I was surprised about all the issues other young people have come across because of wearing glasses/contacts, and I found that I could relate to a few of them (due to the fact that I also wear glasses). It was nice to hear that other people have similar issues as me. Then Annegret asked which method was better – thinking about the day, from morning to night and school versus holidays, or thinking about feelings, physical and social health. After a bit of a discussion, the whole group voted for keeping both methods, because they thought that they had brought up different ideas.


Then Annegret asked the group about a way to make CYP think about who should take part in a clinical trial. The group used pictures with gingerbread-men shapes to think about the youngest and oldest age of participants, and whether children from different ethnic backgrounds should take part, and also children with disabilities. Lots of very important thoughts came up whilst everybody was colouring in their gingerbread man. The eye-YPAG thought that this was a good activity to make people think about participants in a clinical trial.


The group also tried three different ways of choosing which outcomes are most important: a thought shower, with posters of outcomes on the floor, a ranking grid, with little cards to stick on, showing what was more important and what was less important, and a line on the floor, where everybody could stick the items on that place on the line where they thought it should be, with “not important at all” on the left, and “critically important” on the right. Everybody tried all three methods, and then they had a good discussion about what was good and not so good about each method. The clear favourite was the line on the floor.



The last activity was to make a summary of a clinical trial for the children and parents who took part. The trial was about a new treatment for amblyopia, or “lazy eye”. The treatment is called BBV (Balanced Binocular Viewing) and means that the child watches a 3D movie on a games console for an hour a day. Annegret had written a draft summary, but the group felt it was too wordy and boring. They then talked about visual summaries and infographics. Annegret had also brought a draft infographic, and the group liked that much better. They gave her suggestions for how to make it better, such as using even less words, having bullet points, simple colours, a few pictures, and not to use charts or graphs. The result now looks like this:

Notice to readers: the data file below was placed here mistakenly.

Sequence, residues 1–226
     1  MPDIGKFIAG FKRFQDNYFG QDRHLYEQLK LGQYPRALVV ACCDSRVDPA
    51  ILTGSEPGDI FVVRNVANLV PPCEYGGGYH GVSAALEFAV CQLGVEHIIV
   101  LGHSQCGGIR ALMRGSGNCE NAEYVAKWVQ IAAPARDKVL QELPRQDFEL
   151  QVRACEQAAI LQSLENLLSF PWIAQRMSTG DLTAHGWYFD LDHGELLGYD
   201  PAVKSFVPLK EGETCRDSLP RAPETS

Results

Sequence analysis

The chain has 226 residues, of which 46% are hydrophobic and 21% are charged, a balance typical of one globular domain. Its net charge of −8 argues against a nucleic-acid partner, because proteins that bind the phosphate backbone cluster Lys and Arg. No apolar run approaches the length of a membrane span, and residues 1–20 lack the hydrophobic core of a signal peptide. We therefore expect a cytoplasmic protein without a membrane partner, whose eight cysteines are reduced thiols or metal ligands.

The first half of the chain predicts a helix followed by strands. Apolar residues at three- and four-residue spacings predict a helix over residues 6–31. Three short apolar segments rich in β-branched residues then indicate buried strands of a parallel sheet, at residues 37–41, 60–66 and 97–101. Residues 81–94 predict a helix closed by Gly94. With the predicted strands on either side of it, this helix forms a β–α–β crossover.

At this stage everybody was a bit exhausted from all the thinking and working. The day ended with the Tree of Ideas, where everybody could write on a post-it note what they enjoyed and what could be better next time. Everybody enjoyed seeing their friends and meeting new people, learning something new, having lots of activities. They would like more sessions and more time for creative arts to express their thoughts.


In my opinion, the eye-YPAG meetings are amazing. Each participant communicated, collaborated, and respected the other members of the group, no matter the difference in age. I saw members who were 15-16, taking the younger members’ ideas into account instead of dismissing them due to their age. They made sure that no one felt left out with and were extremely professional in their behaviour throughout the session. The group encouraged each other to present their thoughts and ideas, and didn’t judge no matter what was said. I could see a sense of comradery in the group because of their shared struggle, and it was amazing watching them come together, building friendships that I hope last a long time. It was a privilege to attend this eye-YPAG meeting and I hope that it continues to bring young people together, creating more friendships and allowing the members to help lessen the burden of other children in the future.